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International Urology and Nephrology

, Volume 51, Issue 4, pp 571–577 | Cite as

Urinary excretion of pentraxin-3 correlates with the presence of renal scar following acute pyelonephritis in children

  • Tülay Becerir
  • Selcuk YükselEmail author
  • Havva Evrengül
  • Ahmet Ergin
  • Yaşar Enli
Urology - Original Paper
  • 88 Downloads

Abstract

Purpose

Acute pyelonephritis is associated with considerable morbidity and potential for renal scarring. Pentraxin3 (PTX3) is a recently discovered mediator of inflammation. The objective of this study was to investigate the changes in serum and urine PTX3 levels in children who had a history of pyelonephritis and were diagnosed with renal parenchymal scar (RPS) and/or vesicoureteral reflux (VUR).

Methods

The study included 88 children (31 males, 57 females) aged between 3 months and 18 years. The children included in the study were divided into four groups: VUR with RPS (Group 1), RPS without VUR (Group 2), VUR without RPS (Group 3), and healthy children without a history of hydronephrosis or UTI history (Group 4). After the initial evaluation, the participants were further divided into two more groups and re-evaluated: Children with RPS (Group 1 + 2), children without RPS (Group 3 + 4), children with VUR (Group 1 + 3), and children without VUR (Group 2 + 4).

Results

We found that urine pentraxin 3 (uPTX3) and uPTX3/Creatinine levels were significantly higher in the groups with renal scar with or without VUR than the ones without RPS [mean uPTX3, 3.5 pg/ml (min–max 0.0022–12.3668) vs. 2.2 pg/ml (min–max 0.0022–18.5868) and uPTX3/creatinine, 10.5 pg/mg (min–max 0.0035–51.1) vs. 5.8 pg/mg (min–max 0.0004–78.7), p < 0.01]. uPTX3 levels were not different among the groups with and without VUR. In addition, serum PTX3 levels were not different among the groups.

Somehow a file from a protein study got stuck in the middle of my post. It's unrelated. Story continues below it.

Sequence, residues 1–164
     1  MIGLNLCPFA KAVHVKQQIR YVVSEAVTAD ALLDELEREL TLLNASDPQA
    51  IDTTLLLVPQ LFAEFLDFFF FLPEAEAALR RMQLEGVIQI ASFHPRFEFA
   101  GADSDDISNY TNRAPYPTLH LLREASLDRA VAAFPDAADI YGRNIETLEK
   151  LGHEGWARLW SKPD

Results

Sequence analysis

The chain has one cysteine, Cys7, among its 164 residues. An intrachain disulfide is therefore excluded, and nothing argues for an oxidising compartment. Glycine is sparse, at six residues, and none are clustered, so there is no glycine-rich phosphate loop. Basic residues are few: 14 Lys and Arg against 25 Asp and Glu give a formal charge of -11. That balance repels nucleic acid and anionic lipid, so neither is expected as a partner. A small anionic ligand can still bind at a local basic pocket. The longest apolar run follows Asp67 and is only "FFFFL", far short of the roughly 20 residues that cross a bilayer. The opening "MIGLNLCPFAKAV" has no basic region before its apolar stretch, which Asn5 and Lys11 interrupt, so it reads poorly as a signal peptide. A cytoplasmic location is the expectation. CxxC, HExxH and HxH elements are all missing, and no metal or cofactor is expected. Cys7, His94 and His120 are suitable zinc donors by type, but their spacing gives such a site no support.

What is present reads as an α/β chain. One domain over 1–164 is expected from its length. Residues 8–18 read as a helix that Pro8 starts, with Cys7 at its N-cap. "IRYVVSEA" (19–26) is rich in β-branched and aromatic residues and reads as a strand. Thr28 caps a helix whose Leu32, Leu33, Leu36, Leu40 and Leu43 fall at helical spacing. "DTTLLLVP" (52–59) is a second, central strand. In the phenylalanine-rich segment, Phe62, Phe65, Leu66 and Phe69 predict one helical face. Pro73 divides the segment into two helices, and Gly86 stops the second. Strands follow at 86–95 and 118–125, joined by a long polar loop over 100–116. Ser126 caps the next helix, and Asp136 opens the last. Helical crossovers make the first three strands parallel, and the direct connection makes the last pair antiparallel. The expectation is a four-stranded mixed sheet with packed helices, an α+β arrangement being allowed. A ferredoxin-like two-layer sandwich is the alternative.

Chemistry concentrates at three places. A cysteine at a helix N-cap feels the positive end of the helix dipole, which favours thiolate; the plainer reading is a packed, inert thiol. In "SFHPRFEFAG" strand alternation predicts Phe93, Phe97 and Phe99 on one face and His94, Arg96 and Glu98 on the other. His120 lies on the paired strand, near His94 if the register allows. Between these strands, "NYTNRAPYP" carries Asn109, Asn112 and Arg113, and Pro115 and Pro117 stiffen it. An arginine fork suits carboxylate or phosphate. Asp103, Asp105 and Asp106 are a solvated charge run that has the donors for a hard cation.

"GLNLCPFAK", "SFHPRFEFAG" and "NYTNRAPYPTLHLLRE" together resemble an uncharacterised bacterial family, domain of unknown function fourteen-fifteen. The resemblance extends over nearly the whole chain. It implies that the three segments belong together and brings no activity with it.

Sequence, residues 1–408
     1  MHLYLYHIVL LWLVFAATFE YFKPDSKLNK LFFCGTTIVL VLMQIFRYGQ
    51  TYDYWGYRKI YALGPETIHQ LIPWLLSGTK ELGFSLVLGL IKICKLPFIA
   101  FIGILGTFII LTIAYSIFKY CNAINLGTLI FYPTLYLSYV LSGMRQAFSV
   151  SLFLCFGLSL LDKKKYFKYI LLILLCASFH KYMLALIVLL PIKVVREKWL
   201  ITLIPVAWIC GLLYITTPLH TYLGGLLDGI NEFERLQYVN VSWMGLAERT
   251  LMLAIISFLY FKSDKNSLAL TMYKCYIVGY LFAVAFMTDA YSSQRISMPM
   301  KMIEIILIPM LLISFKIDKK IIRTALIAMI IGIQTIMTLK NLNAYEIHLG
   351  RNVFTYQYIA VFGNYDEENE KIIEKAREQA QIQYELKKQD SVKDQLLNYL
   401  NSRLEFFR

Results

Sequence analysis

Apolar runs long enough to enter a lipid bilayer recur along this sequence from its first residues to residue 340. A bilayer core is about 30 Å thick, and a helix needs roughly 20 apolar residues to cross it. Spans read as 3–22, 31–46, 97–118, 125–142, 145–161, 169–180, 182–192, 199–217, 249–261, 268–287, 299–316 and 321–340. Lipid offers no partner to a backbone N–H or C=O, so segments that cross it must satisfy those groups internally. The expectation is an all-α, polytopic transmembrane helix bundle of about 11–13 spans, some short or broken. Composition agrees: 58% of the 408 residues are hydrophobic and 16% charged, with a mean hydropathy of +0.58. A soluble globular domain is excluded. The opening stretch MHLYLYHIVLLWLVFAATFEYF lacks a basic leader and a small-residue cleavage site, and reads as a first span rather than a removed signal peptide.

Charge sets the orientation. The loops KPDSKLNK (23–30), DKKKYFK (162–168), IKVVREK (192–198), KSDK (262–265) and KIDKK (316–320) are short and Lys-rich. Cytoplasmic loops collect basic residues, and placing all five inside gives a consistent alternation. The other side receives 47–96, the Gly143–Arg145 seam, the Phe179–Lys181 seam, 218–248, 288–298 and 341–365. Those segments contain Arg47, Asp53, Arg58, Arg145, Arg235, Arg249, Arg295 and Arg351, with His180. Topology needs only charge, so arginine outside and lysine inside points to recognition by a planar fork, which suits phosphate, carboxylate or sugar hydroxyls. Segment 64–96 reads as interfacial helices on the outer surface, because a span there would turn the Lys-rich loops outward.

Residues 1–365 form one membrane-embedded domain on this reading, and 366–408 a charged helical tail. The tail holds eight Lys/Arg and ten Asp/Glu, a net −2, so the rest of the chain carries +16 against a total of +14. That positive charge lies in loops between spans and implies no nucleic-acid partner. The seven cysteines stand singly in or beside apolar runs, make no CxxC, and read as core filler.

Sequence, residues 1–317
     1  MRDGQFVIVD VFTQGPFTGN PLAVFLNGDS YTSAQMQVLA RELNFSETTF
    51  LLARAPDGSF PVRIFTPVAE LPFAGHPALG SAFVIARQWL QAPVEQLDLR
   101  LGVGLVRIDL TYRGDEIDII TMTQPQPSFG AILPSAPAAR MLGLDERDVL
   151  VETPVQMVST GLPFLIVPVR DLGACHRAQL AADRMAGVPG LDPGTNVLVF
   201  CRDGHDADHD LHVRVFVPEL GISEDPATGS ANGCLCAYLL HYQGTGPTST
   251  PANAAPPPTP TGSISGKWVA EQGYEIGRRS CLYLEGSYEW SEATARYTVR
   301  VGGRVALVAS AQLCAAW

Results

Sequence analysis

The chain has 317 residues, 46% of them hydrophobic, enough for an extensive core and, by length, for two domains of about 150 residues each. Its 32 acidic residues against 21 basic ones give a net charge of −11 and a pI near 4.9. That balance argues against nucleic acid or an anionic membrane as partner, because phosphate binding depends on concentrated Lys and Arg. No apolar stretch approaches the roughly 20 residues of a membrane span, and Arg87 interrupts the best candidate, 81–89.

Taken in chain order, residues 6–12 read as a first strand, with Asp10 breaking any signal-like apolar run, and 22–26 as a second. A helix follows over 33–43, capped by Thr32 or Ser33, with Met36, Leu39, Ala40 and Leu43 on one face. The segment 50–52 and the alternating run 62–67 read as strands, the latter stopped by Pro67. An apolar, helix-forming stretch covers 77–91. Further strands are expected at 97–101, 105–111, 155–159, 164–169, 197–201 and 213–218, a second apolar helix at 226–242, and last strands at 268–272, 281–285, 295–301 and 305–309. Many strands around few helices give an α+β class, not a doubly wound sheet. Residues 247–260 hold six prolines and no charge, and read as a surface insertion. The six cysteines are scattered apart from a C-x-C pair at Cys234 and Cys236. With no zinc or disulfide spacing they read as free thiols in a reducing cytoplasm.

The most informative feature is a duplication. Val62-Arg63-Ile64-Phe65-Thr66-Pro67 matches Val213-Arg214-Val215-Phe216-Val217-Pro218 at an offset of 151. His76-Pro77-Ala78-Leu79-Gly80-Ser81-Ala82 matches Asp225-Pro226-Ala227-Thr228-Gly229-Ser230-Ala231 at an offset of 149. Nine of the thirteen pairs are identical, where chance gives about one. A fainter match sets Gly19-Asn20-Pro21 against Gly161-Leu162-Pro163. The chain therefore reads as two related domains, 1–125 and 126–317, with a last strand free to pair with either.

Conclusions

We showed that urinary PTX3 increased only in patients with scarred kidneys. These results might be helpful to predict RPS due to past pyelonephritis.

Keywords

Children Pentraxin 3 Renal scar Vesicoureteral reflux 

Notes

Author contributions

TB conceptualized and designed the study, drafted the initial manuscript. TB, HE, and YE carried out the initial analyses, reviewed, and revised the manuscript. AE supervised the statistics. SY made critical revision of the manuscript for important intellectual content. All authors approved the final manuscript as submitted and agree to be accountable for all aspects of the work.

Funding

This research has been supported by Pamukkale University Research Fund (Number 2015HZL007).

Compliance with ethical standards

Conflict of interest

No financial or non-financial benefits have been received or will be received from any party related directly or indirectly to the subject of this article.

Ethical approval

The study was approved by the Pamukkale University Ethics Committee (IRB number 60116787-020/549639).

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Copyright information

© Springer Nature B.V. 2019

Authors and Affiliations

  1. 1.Department of Pediatric NephrologyNamık Kemal University School of MedicineTekirdağTurkey
  2. 2.Department of Pediatric Rheumatology and NephrologyPamukkale University School of MedicineKınıklı Yerleşkesi/DenizliTurkey
  3. 3.Department of Pediatric NephrologyPamukkale University School of MedicineKınıklı Yerleşkesi/DenizliTurkey
  4. 4.Department of Social PediatricsPamukkale University School of MedicineKınıklı Yerleşkesi/DenizliTurkey
  5. 5.Department of BiochemistryPamukkale University School of MedicineKınıklı Yerleşkesi/DenizliTurkey

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